Dr. Ruhakana Rugunda, Ugandan ambassador to the United Nations, presented June 15 the African Union’s official view of the conflict in Libya to the United Nations Security Council. Dr. Rugunda emphasized the demand for a ceasefire and a negotiated solution to the conflict between Libyan leader Muammar Gadaffi and insurgents, and sharply chastised the UN’s leadership for brushing aside the AU’s concerns. The presentation came two days after a speech to the African Union by Hillary Clinton, who demanded that the organization and its member states break relations with the Libyan regime.
The AU was founded in 2002 as a successor to the Organization of African Unity. It has 53 member states, whose total population is nearly 1 billion. The only African state not a member of the AU is Morocco, which has stayed out in protest of the admittance of the Sahrawi Republic, whose territory Morocco claims, by the OAU. The Moroccan armed forces have been battling Sahrawi guerilla forces led by the Polisario Front.
Supporters of the Libya War accuse the AU of being bought and paid for puppets of Gadaffi, but the real situation seems to be more complicated. Although it is true that Libya has paid for many of the expenses of the AU and provided a large amount of development aid to some of its member countries, not all of them approve of the Libyan leader.
Even before the present conflict broke out, there were strong disagreements between some important AU countries and Gaddafi. These disagreements have involved Libyan intervention in some civil wars, plus Gadaffi’s proclaimed aim of creating a “United States of Africa” under Libyan leadership, a goal the government of South Africa, for example, considers quixotic. The fact that Gadaffi has made a practice of showing up at international events in the company of African kings and princes, whom he proclaims to be the continent’s “natural” leaders, is an annoyance for African leaders who regard such figures as being potentially divisive troublemakers.
The main current goal of the AU is integration, i.e. development of political and especially economic ties among African nations that can act as a counterweight to the financial power of former colonizers, especially France and the U.K., as well as the United States. The attacks on Libya are seen by many in Africa and beyond as part of a plan to consolidate the economic and political power of France especially within the African continent, perhaps also to pre-empt growing Chinese influence.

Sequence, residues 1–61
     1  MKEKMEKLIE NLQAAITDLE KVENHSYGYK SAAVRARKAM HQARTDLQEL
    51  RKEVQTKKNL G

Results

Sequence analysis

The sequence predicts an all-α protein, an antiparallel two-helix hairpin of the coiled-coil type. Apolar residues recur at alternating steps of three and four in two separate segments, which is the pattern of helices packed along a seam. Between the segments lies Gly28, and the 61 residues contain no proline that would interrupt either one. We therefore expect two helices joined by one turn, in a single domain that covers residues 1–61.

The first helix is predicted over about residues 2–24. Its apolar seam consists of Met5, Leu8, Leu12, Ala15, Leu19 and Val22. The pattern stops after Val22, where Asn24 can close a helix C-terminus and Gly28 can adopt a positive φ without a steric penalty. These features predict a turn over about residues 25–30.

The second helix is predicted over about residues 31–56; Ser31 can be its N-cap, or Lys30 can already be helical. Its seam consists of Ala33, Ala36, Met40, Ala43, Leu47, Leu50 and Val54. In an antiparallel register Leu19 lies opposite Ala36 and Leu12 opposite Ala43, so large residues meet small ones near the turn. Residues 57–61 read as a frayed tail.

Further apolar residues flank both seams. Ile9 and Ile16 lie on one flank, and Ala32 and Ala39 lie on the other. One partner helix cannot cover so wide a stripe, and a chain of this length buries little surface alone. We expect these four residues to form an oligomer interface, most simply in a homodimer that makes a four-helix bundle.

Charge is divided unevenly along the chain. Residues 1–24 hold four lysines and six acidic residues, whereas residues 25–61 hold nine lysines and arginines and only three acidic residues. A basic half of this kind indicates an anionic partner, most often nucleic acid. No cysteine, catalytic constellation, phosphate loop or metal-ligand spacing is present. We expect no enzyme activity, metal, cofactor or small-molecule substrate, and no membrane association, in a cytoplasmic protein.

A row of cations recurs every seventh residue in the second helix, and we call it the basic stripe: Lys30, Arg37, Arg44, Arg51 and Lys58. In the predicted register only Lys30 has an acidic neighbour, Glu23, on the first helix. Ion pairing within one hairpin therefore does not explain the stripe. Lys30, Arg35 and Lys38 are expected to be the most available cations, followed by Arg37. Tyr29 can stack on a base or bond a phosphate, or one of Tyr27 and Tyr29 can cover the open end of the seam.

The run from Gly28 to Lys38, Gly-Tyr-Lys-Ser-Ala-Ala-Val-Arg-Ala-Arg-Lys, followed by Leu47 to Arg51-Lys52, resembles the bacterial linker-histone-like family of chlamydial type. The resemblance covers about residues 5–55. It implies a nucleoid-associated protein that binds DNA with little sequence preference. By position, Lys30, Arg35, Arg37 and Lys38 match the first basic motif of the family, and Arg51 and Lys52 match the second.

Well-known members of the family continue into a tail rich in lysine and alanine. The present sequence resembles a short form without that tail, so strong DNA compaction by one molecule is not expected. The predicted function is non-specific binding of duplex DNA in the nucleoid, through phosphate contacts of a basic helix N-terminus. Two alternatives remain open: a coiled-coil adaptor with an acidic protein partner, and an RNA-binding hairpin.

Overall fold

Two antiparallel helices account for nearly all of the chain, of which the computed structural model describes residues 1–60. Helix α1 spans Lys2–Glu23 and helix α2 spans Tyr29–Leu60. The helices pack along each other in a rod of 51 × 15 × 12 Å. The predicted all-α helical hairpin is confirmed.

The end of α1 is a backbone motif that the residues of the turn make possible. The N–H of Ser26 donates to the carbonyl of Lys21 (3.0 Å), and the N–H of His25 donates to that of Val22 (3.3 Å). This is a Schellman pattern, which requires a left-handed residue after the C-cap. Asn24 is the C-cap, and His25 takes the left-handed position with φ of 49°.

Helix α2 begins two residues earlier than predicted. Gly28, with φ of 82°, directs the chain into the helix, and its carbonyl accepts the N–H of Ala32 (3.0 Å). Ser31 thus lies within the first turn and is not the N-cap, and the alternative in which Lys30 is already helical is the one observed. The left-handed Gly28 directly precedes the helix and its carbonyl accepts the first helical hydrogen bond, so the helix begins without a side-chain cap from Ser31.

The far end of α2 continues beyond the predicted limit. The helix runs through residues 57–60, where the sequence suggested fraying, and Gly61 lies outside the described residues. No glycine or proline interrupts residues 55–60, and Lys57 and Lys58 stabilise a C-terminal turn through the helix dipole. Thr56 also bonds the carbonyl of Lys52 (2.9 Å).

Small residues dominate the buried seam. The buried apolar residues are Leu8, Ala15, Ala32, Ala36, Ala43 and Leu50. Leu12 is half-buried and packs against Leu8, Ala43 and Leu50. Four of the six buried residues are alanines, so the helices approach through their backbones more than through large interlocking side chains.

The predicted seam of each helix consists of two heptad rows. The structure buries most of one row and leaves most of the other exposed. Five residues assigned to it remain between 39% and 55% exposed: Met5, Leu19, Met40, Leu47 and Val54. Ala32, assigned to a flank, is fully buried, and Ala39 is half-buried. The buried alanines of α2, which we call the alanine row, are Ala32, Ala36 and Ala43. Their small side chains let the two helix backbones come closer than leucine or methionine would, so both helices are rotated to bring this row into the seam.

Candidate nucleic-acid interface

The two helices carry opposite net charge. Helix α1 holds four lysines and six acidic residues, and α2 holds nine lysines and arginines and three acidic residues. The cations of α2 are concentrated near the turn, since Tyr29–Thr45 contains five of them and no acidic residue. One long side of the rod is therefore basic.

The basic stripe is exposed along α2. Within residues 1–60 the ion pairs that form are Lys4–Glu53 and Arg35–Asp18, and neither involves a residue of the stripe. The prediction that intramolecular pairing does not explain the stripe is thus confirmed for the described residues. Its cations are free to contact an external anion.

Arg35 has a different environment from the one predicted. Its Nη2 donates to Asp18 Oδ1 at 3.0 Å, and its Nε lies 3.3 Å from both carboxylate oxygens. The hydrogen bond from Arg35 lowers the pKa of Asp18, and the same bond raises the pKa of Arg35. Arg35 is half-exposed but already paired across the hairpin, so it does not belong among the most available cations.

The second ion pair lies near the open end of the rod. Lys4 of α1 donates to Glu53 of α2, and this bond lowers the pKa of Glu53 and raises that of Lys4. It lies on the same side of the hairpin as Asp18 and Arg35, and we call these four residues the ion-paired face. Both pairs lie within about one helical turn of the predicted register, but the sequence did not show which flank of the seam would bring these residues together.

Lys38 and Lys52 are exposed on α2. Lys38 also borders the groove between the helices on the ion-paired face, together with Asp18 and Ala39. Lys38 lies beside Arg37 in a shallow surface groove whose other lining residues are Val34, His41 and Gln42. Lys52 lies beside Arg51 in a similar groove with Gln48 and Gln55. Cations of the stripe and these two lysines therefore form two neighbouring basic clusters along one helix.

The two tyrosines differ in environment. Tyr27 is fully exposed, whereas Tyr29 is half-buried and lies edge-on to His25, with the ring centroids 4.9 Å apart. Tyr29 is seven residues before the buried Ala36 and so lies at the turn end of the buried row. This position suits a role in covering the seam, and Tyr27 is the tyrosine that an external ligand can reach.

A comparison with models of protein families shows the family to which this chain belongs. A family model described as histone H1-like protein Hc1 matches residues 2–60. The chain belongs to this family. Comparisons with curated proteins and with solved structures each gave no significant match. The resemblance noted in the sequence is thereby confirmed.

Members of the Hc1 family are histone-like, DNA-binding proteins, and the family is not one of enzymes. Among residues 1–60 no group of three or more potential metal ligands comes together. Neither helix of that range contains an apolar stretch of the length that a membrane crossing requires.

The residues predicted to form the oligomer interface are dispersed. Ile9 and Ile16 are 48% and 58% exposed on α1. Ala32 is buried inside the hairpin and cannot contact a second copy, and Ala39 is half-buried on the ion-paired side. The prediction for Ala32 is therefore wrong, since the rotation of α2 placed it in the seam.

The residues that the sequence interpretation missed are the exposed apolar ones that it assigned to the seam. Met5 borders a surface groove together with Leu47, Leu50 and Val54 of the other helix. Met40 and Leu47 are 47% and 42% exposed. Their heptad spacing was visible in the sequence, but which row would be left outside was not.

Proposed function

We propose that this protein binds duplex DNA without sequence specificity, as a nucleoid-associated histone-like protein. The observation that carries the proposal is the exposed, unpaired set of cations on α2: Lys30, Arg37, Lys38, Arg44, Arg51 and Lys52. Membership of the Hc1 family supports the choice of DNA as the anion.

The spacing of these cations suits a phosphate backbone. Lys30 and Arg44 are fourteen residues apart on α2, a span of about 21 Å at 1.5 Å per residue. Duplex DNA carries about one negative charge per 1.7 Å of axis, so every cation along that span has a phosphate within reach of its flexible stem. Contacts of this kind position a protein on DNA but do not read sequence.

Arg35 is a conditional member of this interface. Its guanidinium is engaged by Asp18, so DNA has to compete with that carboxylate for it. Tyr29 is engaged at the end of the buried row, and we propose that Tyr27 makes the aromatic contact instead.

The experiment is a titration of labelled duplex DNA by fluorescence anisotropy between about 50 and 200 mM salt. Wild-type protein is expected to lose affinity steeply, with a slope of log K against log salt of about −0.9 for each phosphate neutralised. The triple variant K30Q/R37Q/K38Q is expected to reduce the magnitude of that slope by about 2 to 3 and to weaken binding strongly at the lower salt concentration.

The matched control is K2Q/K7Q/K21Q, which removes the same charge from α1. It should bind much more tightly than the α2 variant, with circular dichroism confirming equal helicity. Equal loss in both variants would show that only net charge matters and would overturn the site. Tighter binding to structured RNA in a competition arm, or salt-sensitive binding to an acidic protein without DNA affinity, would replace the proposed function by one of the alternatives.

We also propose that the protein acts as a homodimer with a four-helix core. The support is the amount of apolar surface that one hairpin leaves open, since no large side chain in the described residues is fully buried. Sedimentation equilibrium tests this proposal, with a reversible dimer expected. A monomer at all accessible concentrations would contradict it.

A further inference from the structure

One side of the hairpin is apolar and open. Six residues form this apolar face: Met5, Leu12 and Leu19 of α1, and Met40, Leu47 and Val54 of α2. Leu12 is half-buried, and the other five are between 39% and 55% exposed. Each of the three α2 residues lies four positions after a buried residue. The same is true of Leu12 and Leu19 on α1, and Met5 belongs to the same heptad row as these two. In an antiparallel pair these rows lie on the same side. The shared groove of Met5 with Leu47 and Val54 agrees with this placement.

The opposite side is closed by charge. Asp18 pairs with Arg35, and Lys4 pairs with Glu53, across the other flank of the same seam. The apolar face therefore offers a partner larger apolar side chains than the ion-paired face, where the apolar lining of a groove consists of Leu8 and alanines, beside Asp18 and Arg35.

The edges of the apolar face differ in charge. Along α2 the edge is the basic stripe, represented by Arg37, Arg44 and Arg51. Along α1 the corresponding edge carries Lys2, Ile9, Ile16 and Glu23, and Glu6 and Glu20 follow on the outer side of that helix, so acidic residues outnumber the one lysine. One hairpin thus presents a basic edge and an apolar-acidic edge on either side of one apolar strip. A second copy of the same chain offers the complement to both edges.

Libya has plentiful oil, natural gas and underground water reserves, and has been playing a large role in banking and finance within the African continent, which potentially undercuts the might of former colonial powers such as France, as well as that of international monopoly capital, the International Monetary Fund and the World Bank.
In remarks at a meeting between the Security Council and the African Union High Level ad hoc Committee on Libya, Dr. Rugunda criticized both Gadaffi and the NATO powers, who began a bombing campaign against Libya on March 18 under the cover of a Security Council resolution that authorized creation of a no-fly zone to protect civilians in rebel held areas. Rugunda reminded the Security Council that the AU had, from the start, called for dialog, and that continued “ignoring the AU for three months and going on with the bombings of the sacred land of Africa has been high-handed, arrogant and provocative. This is something that should not be sustained … Certainly, no constellation of states should think that they can recreate hegemony over Africa.”
Rugunda questioned the stance of the rebels and the NATO powers that Gadaffi must go before any ceasefire and dialogue can commence.
However, Rugunda did not let Gadaffi off the hook completely. “Gadaffi can not ignore the fact that the rebels took over Benghazi and his authority melted away before NATO came in to confuse the picture. The pre-NATO uprising in Benghazi was, mainly, internal. Gadaffi may say that they were organized by Al Qaeda. Even if that is so, it is a fact that some Libyans in Benghazi threw out Gadaffi’s authority. Therefore, Gadaffi must think and agree to reforms, resulting into [sic] competitive politics.”
Rugunda reiterated the demand for a ceasefire and talks, and proposed the good offices of the African Union to provide a venue and peacekeeping forces.
The NATO intervention, supposedly to protect civilians from air attacks by the Libyan military, has morphed into a full-scale attack, with objectives many see as regime change or even the killing of Gadaffi.
NATO bombs have killed not only Gadaffi troops but also civilians and even some rebels. In addition to UN Security Council members who abstained from voting for the enabling resolutions (China, India, Brazil, Russia, Germany), many other states and groupings, including Cuba and the ALBA group of Latin American states, have now stepped forward with demands for a ceasefire and a negotiated settlement.
At writing, an AU delegation was once again in Libya talking to both rebels and pro-Gadaffi representatives.
Photo: Norwegian F-16 flying over Suda Bay as part of the enforcement of the No-Fly Zone. Courtesty NATO.